Tell us about your background.
I am a native to Rochester, New York. I got my BFA in Illustration from the Rhode Island School of Design in 2010, and I’m currently working on my MFA in Painting at The Academy of Art Architecture and Design in Prague, Czech Republic. In my childhood, I spent a lot of time traveling around the world, and camping in the woods of New York State.
Name some people, artists, artistic genres, etc. that have been influential in your work.
Although I don’t use any sound in my work, this is the sense that most often lingers in my mind. I enjoy a wide variety of music, but the tunes that really hit me right in the gut come from Elgar and Brahms. I don’t read nearly enough, but Hrabal and Steinbeck read like how I experience memories, and this gives me the chills. If anything is going to influence or stay with me, I need that feeling. Therefore, this is what I strive to recreate in my own work.
Where and how do you get your ideas?
Recently I’ve been getting most of my ideas from dreams, secrets, and memories. Ideas can come from anywhere- turning them into something comprehensible is the real trick. If ever I’m feeling stuck, I’ll grab my pen and start making lists on any scrap of paper I can find.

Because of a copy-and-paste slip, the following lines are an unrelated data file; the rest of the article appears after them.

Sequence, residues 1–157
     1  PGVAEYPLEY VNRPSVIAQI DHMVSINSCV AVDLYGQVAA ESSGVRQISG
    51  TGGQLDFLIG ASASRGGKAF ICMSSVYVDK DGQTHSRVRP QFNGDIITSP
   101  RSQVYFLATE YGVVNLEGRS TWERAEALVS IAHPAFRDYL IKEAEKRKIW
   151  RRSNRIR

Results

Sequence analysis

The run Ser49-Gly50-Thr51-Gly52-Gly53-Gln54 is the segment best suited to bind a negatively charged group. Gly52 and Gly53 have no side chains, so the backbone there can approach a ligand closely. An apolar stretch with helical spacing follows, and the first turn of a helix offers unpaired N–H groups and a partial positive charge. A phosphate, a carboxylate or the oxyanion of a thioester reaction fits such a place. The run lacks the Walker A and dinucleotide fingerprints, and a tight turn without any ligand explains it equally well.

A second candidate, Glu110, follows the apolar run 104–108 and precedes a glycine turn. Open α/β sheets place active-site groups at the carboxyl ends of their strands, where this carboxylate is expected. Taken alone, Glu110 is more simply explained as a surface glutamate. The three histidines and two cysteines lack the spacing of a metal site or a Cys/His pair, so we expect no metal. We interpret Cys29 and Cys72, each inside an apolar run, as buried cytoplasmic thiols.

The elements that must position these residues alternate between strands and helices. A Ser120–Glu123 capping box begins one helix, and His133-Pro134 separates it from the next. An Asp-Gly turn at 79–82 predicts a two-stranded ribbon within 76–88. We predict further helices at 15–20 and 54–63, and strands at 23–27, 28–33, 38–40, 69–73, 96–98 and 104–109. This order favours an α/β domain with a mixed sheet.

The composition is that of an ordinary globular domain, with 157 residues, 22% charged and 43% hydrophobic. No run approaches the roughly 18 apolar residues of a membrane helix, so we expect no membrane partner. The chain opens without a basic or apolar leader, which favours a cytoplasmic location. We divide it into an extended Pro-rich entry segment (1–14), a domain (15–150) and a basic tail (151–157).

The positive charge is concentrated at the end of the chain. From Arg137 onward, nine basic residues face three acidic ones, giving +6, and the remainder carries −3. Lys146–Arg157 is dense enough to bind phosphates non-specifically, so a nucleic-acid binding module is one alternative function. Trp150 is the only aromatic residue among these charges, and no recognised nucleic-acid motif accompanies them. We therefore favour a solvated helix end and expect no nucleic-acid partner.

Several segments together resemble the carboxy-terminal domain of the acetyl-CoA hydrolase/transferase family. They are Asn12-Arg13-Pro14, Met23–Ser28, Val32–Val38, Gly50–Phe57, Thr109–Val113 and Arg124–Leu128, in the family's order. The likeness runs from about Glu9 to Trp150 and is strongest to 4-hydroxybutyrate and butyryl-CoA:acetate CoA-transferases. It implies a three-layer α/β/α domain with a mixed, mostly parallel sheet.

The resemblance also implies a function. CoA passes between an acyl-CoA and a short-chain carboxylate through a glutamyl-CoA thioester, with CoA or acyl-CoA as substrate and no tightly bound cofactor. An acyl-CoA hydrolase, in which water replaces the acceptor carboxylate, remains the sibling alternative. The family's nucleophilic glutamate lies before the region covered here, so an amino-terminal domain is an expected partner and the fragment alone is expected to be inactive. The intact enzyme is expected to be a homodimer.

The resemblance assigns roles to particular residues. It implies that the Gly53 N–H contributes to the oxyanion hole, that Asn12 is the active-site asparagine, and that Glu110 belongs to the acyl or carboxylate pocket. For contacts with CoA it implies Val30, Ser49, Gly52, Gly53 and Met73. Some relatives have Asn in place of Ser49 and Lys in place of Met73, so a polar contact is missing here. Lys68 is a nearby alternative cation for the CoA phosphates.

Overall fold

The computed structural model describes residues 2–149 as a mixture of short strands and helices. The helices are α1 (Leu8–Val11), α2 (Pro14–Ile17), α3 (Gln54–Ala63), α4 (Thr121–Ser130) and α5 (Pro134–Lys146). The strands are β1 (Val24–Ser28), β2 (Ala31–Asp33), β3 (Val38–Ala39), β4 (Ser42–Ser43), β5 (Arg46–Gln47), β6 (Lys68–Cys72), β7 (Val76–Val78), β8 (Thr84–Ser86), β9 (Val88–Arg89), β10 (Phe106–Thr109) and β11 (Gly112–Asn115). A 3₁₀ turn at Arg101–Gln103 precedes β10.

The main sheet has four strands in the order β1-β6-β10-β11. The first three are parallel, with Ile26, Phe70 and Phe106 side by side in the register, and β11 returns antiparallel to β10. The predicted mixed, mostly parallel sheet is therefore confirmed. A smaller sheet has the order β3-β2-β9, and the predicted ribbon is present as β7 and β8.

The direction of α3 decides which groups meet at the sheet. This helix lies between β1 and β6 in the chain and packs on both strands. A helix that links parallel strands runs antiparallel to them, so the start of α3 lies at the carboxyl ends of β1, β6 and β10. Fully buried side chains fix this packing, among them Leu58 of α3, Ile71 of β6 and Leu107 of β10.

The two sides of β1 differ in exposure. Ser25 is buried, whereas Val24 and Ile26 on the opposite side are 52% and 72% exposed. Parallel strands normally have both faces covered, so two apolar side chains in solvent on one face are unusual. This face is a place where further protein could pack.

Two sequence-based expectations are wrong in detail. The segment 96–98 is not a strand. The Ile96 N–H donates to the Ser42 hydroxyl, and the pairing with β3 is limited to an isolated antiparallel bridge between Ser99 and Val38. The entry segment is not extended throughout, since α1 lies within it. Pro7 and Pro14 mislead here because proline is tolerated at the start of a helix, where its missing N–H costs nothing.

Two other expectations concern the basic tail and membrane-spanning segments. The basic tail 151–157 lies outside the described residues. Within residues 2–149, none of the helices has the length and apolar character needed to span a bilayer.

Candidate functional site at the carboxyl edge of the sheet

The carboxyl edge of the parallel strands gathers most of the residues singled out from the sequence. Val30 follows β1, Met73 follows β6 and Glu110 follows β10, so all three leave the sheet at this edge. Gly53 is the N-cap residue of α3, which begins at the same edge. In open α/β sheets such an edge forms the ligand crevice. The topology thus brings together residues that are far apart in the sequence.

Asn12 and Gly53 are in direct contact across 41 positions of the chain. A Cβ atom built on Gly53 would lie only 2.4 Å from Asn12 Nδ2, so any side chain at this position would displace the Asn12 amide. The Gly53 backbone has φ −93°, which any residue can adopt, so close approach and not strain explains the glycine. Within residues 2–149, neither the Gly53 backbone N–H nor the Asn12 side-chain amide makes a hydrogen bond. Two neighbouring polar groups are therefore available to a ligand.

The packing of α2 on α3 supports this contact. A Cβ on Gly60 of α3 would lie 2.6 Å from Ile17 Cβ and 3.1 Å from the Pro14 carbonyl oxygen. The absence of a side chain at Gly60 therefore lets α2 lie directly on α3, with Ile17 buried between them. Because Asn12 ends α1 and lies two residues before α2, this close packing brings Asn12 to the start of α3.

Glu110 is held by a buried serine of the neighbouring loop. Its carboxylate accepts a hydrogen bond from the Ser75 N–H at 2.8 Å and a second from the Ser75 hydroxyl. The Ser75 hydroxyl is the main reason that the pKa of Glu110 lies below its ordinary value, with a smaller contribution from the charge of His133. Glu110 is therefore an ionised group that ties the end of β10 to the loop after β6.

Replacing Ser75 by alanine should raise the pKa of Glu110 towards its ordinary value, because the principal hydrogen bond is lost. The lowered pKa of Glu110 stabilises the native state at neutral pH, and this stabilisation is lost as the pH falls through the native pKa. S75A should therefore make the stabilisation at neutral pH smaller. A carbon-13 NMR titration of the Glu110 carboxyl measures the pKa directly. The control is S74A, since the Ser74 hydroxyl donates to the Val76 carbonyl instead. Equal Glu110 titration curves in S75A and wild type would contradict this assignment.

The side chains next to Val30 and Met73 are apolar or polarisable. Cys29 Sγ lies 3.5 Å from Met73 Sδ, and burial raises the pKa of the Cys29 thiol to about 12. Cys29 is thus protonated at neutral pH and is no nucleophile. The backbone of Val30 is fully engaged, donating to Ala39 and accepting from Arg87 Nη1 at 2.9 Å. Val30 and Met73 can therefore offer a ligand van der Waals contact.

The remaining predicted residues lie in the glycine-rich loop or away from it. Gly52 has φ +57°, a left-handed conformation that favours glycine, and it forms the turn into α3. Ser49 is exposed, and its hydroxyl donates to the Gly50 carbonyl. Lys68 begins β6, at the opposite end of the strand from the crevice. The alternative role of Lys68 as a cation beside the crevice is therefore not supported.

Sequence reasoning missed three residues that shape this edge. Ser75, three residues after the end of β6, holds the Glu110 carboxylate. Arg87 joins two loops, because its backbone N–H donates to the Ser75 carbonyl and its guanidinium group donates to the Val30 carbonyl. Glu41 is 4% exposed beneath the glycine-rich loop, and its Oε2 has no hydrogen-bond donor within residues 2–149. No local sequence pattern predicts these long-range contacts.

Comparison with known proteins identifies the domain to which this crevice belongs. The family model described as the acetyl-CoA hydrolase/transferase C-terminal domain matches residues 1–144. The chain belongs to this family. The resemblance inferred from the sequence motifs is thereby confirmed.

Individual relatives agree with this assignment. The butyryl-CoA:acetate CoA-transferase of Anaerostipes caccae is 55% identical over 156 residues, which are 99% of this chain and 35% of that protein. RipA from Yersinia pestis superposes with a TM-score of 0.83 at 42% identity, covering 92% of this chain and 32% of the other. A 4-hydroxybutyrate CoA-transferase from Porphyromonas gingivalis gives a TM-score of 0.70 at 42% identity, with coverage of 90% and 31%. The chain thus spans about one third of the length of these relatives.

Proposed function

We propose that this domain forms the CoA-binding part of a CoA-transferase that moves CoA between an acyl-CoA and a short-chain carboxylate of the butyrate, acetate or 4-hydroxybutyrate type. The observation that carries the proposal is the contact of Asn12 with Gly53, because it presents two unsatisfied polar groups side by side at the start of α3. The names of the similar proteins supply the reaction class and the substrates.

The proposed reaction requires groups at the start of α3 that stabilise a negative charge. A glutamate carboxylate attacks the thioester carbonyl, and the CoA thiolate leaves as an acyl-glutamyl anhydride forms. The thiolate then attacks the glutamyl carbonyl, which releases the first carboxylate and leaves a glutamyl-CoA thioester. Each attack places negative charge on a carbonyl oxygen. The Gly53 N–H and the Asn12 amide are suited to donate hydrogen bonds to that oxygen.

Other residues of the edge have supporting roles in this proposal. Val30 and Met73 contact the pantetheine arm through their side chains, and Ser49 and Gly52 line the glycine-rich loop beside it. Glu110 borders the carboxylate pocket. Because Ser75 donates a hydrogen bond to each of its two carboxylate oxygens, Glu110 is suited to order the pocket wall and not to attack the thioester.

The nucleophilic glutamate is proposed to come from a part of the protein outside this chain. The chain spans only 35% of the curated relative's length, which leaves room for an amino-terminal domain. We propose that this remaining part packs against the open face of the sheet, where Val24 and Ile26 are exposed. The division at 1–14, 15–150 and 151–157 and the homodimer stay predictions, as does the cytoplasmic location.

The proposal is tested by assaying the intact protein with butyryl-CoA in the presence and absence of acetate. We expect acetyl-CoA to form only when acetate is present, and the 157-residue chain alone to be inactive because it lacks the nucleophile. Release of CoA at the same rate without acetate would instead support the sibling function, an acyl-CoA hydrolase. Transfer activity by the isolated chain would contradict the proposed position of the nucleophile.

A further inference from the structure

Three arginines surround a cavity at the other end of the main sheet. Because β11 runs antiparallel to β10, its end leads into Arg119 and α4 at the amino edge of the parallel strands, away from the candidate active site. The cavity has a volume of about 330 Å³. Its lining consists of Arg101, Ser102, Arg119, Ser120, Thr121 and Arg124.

What materials do you work with? Describe your technical processes.
I work with whatever materials are necessary. It’s important to choose your materials carefully, but never to limit yourself too early on. I’m a big advocate for cheap or even found materials, otherwise good ideas can get stifled in precious hesitation.
What do you find to be the most challenging part of being creative? What is the best part of being creative?
The hardest part of creativity, is for me, the creating part. My brain is constantly flooded with ideas- to the point where it becomes difficult to focus in on just one. I suppose, that’s more of a personal brain problem rather than one specific to creativity. The most frustrating thing about being creative is society’s assumption that it’s effortless. I’ve worked a lot of physically exhausting jobs, and I wish that being creative could be as easy as digging ditches and cleaning toilets.
The best thing about being creative is the limitless potential that it provides. There is always a way to make the things in your head come about, you just have to work and work and work.
What advice would you give to someone seeking advice about being an artist?
Be honest, honesty is the key to making successful work. If you’re being a phony, people will sniff that out immediately and you and your work will deservedly get laughed at.
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